Research: Designing, programming and managing the SPHERES Zero Robotics Program, a series of robotics programming tournaments for students aboard the International Space Station. The MIT SSL developed the SPHERES laboratory environment aboard the ISS to provide researchers with an experimental testbed for the validation of high risk control for use in formation flight, autonomous docking, rendezvous and reconfiguration algorithms. Zero Robotics (ZR) enables students - high school, middle school and college level - to participate directly in the science conducted aboard the ISS. The software framework for this program is built in collaboration with TopCoder by crowdsourcing the development to their 300,000 strong community of members via a series of contests. The program itself incentivises thousands of students to play challenging games relevant to current space systems research i.e. they provide insightful solutions to topics on formation flight, strategic mission planning, fuel optimization, etc. Crowdsourcing not only develops the program but is also demonstrate it within the program itself. (NASA Report) (Crowdsourcing Impact Report) (Educational Impact Report) (S/W Development Report)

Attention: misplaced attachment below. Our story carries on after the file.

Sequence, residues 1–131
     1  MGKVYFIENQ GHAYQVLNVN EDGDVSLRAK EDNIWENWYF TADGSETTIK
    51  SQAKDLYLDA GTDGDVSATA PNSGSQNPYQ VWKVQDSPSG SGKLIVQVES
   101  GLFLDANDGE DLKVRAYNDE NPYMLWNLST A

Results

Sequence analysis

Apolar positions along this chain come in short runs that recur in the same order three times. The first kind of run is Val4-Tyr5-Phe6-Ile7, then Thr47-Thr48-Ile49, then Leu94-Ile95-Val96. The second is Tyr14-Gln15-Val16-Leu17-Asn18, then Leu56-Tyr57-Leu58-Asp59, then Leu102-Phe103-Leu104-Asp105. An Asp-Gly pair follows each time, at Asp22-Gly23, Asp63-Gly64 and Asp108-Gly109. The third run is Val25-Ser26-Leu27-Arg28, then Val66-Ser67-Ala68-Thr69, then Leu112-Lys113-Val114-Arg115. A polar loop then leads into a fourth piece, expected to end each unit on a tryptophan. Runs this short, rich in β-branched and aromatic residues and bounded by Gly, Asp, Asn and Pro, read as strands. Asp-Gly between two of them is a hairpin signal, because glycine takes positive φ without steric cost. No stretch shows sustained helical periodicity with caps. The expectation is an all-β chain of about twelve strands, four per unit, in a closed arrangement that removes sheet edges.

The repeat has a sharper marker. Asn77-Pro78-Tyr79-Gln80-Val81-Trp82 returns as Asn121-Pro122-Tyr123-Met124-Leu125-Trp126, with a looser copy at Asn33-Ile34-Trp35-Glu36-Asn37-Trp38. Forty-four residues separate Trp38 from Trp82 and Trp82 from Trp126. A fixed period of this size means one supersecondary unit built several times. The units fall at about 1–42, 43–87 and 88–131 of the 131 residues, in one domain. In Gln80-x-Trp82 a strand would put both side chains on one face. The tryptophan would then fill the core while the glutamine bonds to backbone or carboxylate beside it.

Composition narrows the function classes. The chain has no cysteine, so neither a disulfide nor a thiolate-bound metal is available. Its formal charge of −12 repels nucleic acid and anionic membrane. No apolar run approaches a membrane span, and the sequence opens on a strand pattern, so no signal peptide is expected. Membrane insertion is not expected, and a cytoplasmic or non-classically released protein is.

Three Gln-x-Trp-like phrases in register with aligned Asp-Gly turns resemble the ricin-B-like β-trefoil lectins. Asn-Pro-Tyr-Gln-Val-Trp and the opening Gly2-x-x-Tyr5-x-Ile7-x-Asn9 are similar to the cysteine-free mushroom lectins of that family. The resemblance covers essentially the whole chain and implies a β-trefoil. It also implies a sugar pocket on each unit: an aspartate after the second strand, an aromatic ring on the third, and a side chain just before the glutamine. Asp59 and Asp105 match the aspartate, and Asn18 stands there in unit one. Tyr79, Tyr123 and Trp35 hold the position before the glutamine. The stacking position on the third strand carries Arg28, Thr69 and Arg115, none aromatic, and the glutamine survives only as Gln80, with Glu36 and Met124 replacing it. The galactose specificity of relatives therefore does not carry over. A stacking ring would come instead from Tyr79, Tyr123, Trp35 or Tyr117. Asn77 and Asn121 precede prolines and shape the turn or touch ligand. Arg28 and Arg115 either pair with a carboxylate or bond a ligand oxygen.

2. Position Title: MIT Graduate Research Fellow (March-May 2010)
    Project Collaborators: Orbital Sciences Corporation, VA
    Research: Performed an in-depth analysis of publicly-available fractionated satellite value-centric design tools from Phase 1 of the DARPA System F6 program. The first task focused on a comparative benchmarking study of the four tools in which several use cases were modeled to determine differences in inputs, analysis methods, and outputs. The results found the tools to be substantially diverse in modeling architectures and value interpretation. The second task applied optimization methods to the Phase 1 PIVOT tool created by Orbital Sciences to maximize satellite system value. The results found solution stability is inhibited by uncertainties introduced by the stochastic objective function. (Published Report)